The BG deal power play in China

The Sunday Telegraph - Money & Business - - Business -

“I will be known as the CEO who led the BG deal,” said Ben van Beur­den, “af­ter hav­ing not done the deal a few times be­fore.”

Af­ter failed at­tempts to snap up the lead­ing player in the grow­ing liq­ue­fied nat­u­ral gas (LNG) mar­ket, the oil-price crash of­fered Shell one fi­nal op­por­tu­nity to buy the com­pany that has shaped its rein­ven­tion.

But the $50bn (£35bn) megadeal might not have hap­pened if China’s most ac­quis­i­tive com­pany had suc­ceeded in chal­leng­ing the su­per­ma­jor for con­trol of BG.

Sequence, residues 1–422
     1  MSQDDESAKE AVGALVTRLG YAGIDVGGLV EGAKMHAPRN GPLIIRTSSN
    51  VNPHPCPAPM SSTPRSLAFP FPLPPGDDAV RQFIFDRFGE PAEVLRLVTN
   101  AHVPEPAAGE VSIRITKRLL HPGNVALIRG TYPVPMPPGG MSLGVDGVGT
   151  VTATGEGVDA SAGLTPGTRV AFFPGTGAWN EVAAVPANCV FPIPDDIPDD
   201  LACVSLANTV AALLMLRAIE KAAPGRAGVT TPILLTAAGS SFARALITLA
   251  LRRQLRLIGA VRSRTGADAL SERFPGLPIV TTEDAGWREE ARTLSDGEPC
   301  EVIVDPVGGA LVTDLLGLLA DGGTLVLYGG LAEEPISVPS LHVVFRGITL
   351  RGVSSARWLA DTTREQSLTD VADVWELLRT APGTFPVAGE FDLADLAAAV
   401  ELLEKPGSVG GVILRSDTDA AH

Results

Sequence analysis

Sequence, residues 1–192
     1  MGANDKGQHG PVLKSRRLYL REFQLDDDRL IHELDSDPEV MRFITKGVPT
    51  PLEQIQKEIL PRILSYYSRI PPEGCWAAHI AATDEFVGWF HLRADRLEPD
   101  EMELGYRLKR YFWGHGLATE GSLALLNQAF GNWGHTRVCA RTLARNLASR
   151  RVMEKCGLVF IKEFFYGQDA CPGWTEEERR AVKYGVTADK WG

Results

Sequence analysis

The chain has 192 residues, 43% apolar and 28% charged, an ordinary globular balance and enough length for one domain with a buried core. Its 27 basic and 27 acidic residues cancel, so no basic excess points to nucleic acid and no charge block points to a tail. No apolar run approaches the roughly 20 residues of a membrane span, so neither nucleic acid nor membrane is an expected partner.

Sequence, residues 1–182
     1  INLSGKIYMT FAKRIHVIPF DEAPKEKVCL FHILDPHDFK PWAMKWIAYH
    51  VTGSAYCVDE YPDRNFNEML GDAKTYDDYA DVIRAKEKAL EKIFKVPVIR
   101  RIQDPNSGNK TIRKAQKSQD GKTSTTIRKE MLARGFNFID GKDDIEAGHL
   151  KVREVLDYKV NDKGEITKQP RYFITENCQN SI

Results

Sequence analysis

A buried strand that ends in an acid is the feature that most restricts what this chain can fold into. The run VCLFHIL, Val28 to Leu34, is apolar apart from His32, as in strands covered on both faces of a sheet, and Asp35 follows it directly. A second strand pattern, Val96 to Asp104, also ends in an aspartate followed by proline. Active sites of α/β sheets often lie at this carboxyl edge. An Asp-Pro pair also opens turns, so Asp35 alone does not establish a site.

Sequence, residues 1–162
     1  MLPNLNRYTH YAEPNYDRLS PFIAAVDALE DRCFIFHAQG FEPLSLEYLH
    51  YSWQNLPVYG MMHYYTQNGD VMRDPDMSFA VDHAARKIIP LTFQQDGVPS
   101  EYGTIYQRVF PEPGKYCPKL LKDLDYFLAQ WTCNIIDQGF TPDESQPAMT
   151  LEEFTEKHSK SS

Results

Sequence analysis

China was one of the last coun­tries to give anti-trust clear­ance to the en­ergy sec­tor’s big­gest deal in a decade af­ter Chem­china emerged as a last-minute in­ter­loper with an all-cash of­fer to buy the group.

Al­though Shell won the tug of war, the en­ergy gi­ant’s re­la­tion­ship with the world’s largest en­ergy user has grown from strength to strength.

Shell is the largest sup­plier of LNG to China, which is work­ing to wean it­self from coal-fired power to help re­duce the coun­try’s air pol­lu­tion cri­sis.

Fol­low­ing the BG ac­qui­si­tion, Shell ships more than 14m tons of LNG ev­ery year to China’s state-backed en­ergy com­pa­nies.

In re­turn, Shell sources around $1bn of petro­chem­i­cal prod­ucts from Chi­nese re­finer­ies.

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